Neurology

Conditions Treated


Peripheral Neuropathy

Peripheral Neuropathy occurs when the nerves that transmit information to and from the central nervous system (spinal cord and brain) and the nerves that connect to the muscle, skin, and other internal organs (also called dermatomes) have been damaged or otherwise impaired. These issues can cause problems with muscle movements, sensation in extremities, and sometimes pain.

Causes of Peripheral Neuropathy

There are many factors that can cause Peripheral Neuropathy, ranging from trauma to illness to infection. These include, but are not limited to:

  • Diabetes
  • Alcoholism
  • Vitamin deficiency
  • Kidney disease
  • Thyroid disease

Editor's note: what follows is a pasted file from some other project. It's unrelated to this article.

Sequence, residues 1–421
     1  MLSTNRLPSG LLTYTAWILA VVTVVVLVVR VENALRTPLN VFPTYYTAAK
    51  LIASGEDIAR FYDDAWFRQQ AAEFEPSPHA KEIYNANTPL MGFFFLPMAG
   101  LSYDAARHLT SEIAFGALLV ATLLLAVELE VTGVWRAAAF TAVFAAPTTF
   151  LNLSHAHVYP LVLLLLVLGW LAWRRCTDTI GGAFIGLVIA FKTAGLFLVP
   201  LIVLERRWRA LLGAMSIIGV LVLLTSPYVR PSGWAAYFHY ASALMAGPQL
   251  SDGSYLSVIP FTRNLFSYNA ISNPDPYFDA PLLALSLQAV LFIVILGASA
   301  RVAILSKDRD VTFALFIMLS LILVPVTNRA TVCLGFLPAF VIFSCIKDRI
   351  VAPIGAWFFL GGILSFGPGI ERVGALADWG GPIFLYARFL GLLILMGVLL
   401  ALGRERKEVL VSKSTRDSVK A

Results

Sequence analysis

• Certain medications
  • Lyme disease
  • AIDS
  • Certain forms of cancer
  • Chemotherapy
  • Hereditary neuropathies (those passed down from parent to child)
  • Idiopathic neuropathies (those occurring from an unknown cause)

Types of Peripheral Neuropathy

There are two major types of neuropathy: Mononeuropathy and Polyneuropathy. Mononeuropathy mainly affects only one nerve or nerve group, while Polyneuropathy affects multiple nerves or nerve groups at a time. Different forms of Mononeuropathy include Ulnar Nerve Palsy, Peroneal Nerve Palsy, Radial Nerve Palsy, and Carpal Tunnel Syndrome, while different forms of Polyneuropathy includes Diabetic Neuropathy and Guillain-Barre syndrome.

How to Treat Peripheral Neuropathy

Since Peripheral Neuropathy has many different types of causes, the treatments are wide-ranging as well. Your doctor can discuss with you about finding a therapy that matches your condition.